There’s a reason that those TV shows do so well – you know – the ones featuring ordinary-looking but inexplicably well-off people buying houses in the country or the sun with their many multiples of half a million pounds.
They replay relentlessly on certain TV channels, taunting us with their aspirational, largely unobtainable, what might have been but probably won’t lifestyles.
I find myself repeating, how did they make get much money?
Labelled as they are - civil servants, nurses, business people, former armed services – it seems baffling that they have earned their money with careers like many of ours.
To be fair, some have been lucky or talented, some inherited wealth, and some are simply canny.
But most of them are just like us but living in a much better house.
So what went wrong?
A new report goes some way to explaining why generations of haves have now spawned a generation of have-nots.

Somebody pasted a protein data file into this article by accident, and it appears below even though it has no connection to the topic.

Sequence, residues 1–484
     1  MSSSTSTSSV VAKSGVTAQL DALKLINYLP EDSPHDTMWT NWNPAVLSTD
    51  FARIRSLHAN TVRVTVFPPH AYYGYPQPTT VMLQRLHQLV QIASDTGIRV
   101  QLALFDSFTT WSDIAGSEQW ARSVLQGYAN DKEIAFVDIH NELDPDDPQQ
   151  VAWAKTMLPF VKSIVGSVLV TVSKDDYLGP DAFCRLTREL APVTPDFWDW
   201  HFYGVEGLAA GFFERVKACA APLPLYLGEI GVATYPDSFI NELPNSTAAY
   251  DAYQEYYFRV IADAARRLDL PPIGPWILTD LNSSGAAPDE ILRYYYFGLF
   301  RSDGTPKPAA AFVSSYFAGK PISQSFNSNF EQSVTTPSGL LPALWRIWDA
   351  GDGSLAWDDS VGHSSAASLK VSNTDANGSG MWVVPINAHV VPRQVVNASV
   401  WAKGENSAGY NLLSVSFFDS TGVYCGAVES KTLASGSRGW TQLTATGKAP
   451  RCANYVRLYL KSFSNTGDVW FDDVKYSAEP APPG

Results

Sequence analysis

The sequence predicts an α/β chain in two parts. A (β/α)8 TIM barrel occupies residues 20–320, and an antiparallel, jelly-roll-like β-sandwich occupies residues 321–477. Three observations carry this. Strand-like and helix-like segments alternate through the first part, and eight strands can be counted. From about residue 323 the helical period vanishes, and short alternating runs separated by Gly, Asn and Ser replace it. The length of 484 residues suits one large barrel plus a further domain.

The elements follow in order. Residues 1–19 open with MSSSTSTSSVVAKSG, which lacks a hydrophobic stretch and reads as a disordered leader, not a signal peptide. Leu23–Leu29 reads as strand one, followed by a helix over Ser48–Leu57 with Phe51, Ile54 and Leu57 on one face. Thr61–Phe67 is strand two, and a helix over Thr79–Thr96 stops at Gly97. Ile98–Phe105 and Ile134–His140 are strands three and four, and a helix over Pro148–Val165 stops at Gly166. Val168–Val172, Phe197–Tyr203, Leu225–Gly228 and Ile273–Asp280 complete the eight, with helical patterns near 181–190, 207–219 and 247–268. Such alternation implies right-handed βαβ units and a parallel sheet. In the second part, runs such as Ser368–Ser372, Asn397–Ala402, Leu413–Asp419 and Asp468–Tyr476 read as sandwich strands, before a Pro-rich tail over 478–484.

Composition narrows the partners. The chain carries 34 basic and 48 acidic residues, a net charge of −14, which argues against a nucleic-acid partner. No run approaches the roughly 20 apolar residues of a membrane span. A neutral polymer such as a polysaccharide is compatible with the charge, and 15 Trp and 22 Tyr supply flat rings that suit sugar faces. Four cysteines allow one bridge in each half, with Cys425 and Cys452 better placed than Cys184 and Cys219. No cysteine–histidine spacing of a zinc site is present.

Men, traditionally, if not fairly, the higher earners, are earning thousands of pounds less than the previous generation due to the changing nature of work, a think tank has suggested.
According to the Resolution Foundation, men are now far more likely to be working in basic service jobs or part-time with lower wages.
By the age of 30, young men have earned £12,500 less on average when compared to those born between 1966 and 1980,
If you add the rapid rise of house prices since then, it all starts to become a bit clearer why some generations are better off than others – and how some have then directly benefited from that inherited wealth.
The result of this reduction of earning power for young men has, on the flip side, reduced the gender pay gap – although not for the right reasons and not because women are proportionally earning more.
Of course other factors are at play in the generational wealth gap – pension reductions, higher living expenses, education, childcare – everything is far more expensive ...
Which is why switching the TV on is the closest many of us will get to a house in the sun or the country pile with an Aga.